• 1 lb potatoes (paleo diet: sweet potatoes)

FOR FULL RECIPE & INSTRUCTIONS CHECK OUT The Ethnic Spoon. I absolutely love Analida’s blog and recipes. They’re among my go-to websites.

Et Voila! Have you come across any dishes abroad that left a huge impression?

N. Andriani

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Summer is long days, the sun pouring its song across orange-evening skylines with everything its got. Summer is falling across damp grass, wine bottle in hand, picnic blanket shaken out and mosquito bites. Summer is sun-burns and sand-where-you-don’t-want-it vacations. Summer is lush, drunk on springs abundance. The death of winter is almost forgot, the rebirth of spring a dizzy memory and the autumn far from the horizon for summer is here and now.

Over Memorial Day Weekend I had a few friends over on whom I was able to experiment with some new recipes which I’ve picked up on the road. Now, I’ve never been to Thailand but these wickedly delightful grilled corns are another great reason to visit Thailand, not to mention Asian Snake Whiskey and my Buddhist tendencies.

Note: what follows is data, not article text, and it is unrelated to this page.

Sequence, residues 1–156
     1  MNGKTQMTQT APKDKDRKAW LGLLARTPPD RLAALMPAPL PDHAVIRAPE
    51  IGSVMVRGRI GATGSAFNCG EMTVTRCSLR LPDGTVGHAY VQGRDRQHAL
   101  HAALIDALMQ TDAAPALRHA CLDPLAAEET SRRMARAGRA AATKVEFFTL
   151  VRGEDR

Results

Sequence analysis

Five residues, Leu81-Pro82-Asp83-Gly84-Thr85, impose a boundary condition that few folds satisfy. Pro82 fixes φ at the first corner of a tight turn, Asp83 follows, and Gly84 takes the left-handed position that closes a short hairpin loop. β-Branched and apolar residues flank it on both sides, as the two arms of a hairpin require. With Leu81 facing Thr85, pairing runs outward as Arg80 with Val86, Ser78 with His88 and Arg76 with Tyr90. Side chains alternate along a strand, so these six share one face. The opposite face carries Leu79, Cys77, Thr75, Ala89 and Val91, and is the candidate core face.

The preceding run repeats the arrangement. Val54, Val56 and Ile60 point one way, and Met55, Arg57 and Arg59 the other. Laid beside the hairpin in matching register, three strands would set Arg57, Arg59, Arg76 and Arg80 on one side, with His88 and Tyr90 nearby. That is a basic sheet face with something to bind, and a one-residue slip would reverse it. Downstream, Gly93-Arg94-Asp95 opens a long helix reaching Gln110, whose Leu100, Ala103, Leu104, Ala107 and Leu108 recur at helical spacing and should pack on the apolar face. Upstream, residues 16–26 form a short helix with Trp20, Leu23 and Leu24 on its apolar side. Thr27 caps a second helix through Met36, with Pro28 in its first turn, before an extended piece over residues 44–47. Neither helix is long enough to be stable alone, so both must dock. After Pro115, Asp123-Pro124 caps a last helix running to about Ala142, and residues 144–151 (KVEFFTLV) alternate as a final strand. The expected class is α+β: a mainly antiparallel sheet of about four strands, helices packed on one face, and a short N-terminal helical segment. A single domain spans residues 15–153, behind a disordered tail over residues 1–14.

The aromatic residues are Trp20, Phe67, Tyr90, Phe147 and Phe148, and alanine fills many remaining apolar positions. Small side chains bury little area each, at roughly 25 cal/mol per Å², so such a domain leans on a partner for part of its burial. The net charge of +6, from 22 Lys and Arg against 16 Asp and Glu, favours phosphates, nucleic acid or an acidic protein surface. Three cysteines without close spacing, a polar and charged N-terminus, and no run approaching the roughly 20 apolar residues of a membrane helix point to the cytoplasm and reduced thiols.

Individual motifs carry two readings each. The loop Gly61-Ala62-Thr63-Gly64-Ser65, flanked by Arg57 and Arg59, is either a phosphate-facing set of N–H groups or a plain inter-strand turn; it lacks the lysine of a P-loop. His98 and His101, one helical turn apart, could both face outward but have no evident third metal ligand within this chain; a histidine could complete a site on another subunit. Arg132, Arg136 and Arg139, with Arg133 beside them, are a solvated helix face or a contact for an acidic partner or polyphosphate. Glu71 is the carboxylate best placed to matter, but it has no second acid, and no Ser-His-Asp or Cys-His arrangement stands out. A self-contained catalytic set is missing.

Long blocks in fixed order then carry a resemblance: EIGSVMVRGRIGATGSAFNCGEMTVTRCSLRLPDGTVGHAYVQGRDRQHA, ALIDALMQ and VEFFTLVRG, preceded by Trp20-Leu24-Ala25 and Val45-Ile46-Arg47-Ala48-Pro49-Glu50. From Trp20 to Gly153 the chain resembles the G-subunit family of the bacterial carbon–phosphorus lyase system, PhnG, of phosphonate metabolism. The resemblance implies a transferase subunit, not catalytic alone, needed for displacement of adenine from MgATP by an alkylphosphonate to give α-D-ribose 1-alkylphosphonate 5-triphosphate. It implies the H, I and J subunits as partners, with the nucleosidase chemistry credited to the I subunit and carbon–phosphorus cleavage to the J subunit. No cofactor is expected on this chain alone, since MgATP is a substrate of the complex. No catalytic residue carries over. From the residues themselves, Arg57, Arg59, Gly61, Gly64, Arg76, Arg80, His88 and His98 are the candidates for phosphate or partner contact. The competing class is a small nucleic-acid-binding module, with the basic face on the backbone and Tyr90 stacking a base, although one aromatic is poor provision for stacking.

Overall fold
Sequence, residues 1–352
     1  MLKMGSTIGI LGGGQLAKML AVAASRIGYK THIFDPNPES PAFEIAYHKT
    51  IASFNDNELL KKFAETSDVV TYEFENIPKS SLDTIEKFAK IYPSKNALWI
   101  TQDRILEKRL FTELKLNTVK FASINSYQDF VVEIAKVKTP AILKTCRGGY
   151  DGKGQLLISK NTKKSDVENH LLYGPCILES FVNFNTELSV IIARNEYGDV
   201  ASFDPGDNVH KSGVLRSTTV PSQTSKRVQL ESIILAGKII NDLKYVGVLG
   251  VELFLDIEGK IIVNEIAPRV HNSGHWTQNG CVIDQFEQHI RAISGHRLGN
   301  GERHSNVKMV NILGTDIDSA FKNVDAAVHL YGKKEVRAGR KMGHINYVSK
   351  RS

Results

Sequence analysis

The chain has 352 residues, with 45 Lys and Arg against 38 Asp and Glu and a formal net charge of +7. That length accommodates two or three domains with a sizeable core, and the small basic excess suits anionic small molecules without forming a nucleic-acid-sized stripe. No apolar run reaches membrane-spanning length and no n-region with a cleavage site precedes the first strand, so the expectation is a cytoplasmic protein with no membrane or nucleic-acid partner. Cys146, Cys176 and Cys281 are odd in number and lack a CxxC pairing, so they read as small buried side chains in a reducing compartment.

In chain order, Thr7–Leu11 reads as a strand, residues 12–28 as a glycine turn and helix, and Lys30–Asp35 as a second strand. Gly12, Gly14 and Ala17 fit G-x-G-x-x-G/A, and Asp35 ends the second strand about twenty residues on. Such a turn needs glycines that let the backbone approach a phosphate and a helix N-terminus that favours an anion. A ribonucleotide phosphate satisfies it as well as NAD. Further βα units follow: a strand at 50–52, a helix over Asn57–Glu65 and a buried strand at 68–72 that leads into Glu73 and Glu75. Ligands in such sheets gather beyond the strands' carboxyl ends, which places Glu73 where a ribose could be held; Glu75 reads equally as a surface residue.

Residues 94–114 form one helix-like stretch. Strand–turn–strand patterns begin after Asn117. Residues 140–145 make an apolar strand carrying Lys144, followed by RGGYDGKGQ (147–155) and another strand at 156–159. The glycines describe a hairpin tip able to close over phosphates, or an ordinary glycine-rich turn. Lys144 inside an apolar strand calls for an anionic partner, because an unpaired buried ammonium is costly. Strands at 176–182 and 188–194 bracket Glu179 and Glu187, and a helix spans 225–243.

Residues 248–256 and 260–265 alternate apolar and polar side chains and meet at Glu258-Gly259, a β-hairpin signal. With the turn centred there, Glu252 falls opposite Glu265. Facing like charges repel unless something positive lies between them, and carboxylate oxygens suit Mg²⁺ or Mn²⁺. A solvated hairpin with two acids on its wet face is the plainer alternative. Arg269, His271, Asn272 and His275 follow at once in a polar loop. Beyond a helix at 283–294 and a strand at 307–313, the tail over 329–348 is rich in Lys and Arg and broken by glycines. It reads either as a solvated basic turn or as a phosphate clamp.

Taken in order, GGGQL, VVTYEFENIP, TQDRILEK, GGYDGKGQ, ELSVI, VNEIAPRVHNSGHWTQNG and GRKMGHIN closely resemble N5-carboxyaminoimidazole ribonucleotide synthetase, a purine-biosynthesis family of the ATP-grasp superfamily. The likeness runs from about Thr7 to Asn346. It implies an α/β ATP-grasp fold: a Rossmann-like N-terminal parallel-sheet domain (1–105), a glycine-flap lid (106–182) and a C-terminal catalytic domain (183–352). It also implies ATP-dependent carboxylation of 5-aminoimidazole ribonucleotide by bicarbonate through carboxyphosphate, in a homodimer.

One more thing, i’m a heavy wine drinker. I’ll take or leave, usually leave, beer. I’m a gin snob but not that jerk who won’t enjoy a cheap bottle… all I’m trying to get at is that I love me some good wine. These days, at least my current fixation comes from Spain.

So for this meal we uncorked a bottle of Verdejo from Finca Montepedroso, which I highly recommend to accompany this meal.

Grocery List

Wine:

Thai Street Corn

  • However many heads of corn you need…
  • Coconut Cream, one can
  • Cayenne 1 tsp
  • Ginger 1 tsp
  • Honey 2 tsp

Salmon:

  • Salmon filet w/ skin, however much you may need…
  • Cedar plank
  • Olive oil

Crostini:

  • Sourdough loaf
  • Ripe pears
  • Goat cheese

Finca Montepedroso, Verdejo 2013

An award winner and one of the smoothest, most delicate white wines I’ve tasted. Yet it remains very complex, with notes of green apple and a soft minerality. Not sweet, but crisp, I’d call this an exceptional summer wine — pairing damn well with tonight’s dish. Hailing from a family run estate in the rugged foothills of Rueda, Spain it’s become one of our go-to wines when stocking the cooler.